Corn On The Cob

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exsquidao
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RE: Corn On The Cob 2008/06/03 13:24:56 (permalink)
quote:
Originally posted by fabulousoyster

I plant corn every spring (about 50 plants), and every summer the squirrels destroy them all. DESTROY!!! the crop looks like a tornado hit it.
I literally LOL'D when I read this....great post.
#61
roossy90
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RE: Corn On The Cob 2008/06/05 16:01:43 (permalink)
quote:
Originally posted by AndreaB

Pull down the husks and baste it with melted butter and lime and red pepper and fresh cilantro and grill it and it's wonderful! It's hard to beat fresh corn on the cob.

Andrea

That sounds so good, and especially now that its fresh corn season!
#62
Big Ugly Mich
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RE: Corn On The Cob 2008/06/10 17:01:00 (permalink)
quote:
Originally posted by CajunKing You got strawberries??? I wonder how the crop is coming along with all the cool weather we had, should be about time for some fresh local
We got 'em in Wisconsin! We also got floods galore.
#63
roossy90
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RE: Corn On The Cob 2008/06/11 21:31:13 (permalink)
Just got some off the local produce truck.. I forgot to ask where they were from, but 2 weeks ago, they had some from Georgia.






And they were $4.50 for a dozen.....







#64
MetroplexJim
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RE: Corn On The Cob 2008/06/13 21:47:48 (permalink)
quote:
Originally posted by daytrader106

I have to say. The idea of grilling sweet corn with the HUSK down is not the right way.

Get FRESH sweet corn. Witht he husk on and tight. Spray or dunk it in water. Then place on the grill OR into a bed of coals if you are camping.

Once the husk starts to get dark.

Pull the corn out or off the grill. Peal it back. If you like butter add some, BUT you should not need any. All the moisture will be held in by the husk. Steaming the corn to perfection.


#65
MetroplexJim
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RE: Corn On The Cob 2008/06/13 21:48:56 (permalink)
quote:
Originally posted by daytrader106

I have to say. The idea of grilling sweet corn with the HUSK down is not the right way.

Get FRESH sweet corn. Witht he husk on and tight. Spray or dunk it in water. Then place on the grill OR into a bed of coals if you are camping.

Once the husk starts to get dark.

Pull the corn out or off the grill. Peal it back. If you like butter add some, BUT you should not need any. All the moisture will be held in by the husk. Steaming the corn to perfection.




Sounds great; I'll try it!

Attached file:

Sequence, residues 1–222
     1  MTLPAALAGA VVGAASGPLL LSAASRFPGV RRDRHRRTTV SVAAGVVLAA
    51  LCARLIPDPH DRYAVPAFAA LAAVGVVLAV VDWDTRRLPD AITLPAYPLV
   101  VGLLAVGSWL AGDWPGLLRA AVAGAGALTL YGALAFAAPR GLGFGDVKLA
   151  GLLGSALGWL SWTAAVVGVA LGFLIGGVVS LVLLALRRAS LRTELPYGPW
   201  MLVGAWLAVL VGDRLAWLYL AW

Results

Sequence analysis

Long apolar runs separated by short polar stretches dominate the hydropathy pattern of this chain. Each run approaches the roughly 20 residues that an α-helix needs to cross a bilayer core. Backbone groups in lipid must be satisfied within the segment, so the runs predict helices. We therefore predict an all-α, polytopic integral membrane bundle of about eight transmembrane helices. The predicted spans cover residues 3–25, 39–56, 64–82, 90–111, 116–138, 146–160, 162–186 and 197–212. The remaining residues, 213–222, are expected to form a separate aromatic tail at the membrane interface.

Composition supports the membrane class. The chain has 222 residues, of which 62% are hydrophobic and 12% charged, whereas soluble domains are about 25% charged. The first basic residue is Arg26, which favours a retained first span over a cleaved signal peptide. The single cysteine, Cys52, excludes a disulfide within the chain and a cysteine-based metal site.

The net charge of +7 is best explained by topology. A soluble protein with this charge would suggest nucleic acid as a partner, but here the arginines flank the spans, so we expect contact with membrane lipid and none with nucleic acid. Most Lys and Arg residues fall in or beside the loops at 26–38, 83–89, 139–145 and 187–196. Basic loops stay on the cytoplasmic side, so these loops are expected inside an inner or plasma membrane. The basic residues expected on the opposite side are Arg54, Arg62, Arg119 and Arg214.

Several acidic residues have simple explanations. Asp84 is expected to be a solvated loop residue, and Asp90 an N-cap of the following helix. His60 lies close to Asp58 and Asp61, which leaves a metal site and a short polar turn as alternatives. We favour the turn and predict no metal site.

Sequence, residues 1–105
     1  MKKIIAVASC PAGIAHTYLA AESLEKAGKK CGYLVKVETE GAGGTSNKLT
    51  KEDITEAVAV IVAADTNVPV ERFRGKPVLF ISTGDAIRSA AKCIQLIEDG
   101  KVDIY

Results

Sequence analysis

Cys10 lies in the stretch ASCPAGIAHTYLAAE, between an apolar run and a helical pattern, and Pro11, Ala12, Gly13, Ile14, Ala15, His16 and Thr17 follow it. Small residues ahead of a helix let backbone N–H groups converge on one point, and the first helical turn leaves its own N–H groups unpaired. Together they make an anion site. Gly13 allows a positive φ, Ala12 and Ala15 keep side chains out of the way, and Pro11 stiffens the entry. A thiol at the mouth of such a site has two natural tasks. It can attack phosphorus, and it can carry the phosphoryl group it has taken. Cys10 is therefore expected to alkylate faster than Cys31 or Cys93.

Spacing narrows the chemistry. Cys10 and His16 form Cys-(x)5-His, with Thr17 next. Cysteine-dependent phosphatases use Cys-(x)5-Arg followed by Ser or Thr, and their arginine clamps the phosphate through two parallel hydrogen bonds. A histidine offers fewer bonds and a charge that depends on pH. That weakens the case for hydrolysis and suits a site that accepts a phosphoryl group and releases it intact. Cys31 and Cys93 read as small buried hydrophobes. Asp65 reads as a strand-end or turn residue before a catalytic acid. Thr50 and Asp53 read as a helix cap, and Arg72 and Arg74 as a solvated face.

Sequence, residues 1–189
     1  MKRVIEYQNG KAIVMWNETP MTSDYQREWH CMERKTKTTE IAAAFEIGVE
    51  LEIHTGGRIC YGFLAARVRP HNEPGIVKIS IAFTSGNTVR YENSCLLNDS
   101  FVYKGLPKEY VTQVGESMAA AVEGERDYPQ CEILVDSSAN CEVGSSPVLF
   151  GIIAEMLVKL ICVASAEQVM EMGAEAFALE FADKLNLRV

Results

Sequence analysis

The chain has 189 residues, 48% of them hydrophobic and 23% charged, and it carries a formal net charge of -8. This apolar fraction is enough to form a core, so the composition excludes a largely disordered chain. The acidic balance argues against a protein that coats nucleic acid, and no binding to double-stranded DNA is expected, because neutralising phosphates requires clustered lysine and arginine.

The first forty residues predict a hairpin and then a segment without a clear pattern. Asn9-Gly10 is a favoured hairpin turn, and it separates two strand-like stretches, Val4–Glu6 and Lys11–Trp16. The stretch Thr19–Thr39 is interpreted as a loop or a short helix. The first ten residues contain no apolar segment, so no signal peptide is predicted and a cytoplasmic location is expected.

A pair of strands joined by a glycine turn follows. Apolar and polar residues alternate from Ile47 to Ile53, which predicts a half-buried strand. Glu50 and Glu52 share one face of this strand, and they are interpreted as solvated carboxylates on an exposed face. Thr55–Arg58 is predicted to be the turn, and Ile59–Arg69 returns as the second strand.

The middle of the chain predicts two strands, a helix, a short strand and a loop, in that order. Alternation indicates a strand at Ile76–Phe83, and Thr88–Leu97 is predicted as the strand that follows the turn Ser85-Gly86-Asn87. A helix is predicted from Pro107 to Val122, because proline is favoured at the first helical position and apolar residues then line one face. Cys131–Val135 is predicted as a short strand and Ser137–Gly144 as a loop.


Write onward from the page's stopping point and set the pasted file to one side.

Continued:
#66
Sundancer7
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RE: Corn On The Cob 2008/06/14 10:20:05 (permalink)
I am going to burn some burgers today and I will include corn on the cob. I will do as suggested as soaking a while before I put on the grill and burn the outside.

Paul E. Smith
Knoxville, TN
#67
lleechef
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RE: Corn On The Cob 2008/06/21 23:08:27 (permalink)
I'd love to burn some burgers and corn but it's 54 degrees outside and overcast......YUCK. Not firing up the grill in this weather. Also NOT camping or boating which really is the worst for us in the summer.
#68
Foodbme
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RE: Corn On The Cob 2008/06/21 23:39:04 (permalink)
Here's a trick for boiling corn. Add 3-4 tablespoons of sugar to the water and don't put the corn in until the water's boiling. Add corn and reduce heat to a light simmer. Cook 8 minutes and remove
#69
Big Ugly Mich
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RE: Corn On The Cob 2008/06/23 11:39:51 (permalink)
Add sugar to the water? Only if you get your corn at the Wal*Mart or something like that. They don't call it sweet corn because it rolls off the tongue all pretty like.
#70
Foodbme
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RE: Corn On The Cob 2008/06/23 11:48:49 (permalink)
quote:
Originally posted by Big Ugly Mich

Add sugar to the water? Only if you get your corn at the Wal*Mart or something like that. They don't call it sweet corn because it rolls off the tongue all pretty like.


Sweet or Sour doesn't Matter. It enhances The flavor even more. Just cut back the amount of sugar a little. Try it, you'll like it!
But what ever you do, DON"T PUT SALT IN THE WATER!!It makes the corn tough. You upper tier U.S. people have an advantage. The corn up there is superior to what we get in the Sun Belt. FL, CA and Mexican grown corn is just not as good and you won't send us any of yours! I long for some good Silver Queen Corn.
#71
doggydaddy
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RE: Corn On The Cob 2008/06/23 12:16:11 (permalink)


This a semi-Latin way of eating corn, but once you try this, plain 'ol butter just won't match up. This is the only way I eat corn now. Also, I like to use my bamboo steamer to cook corn.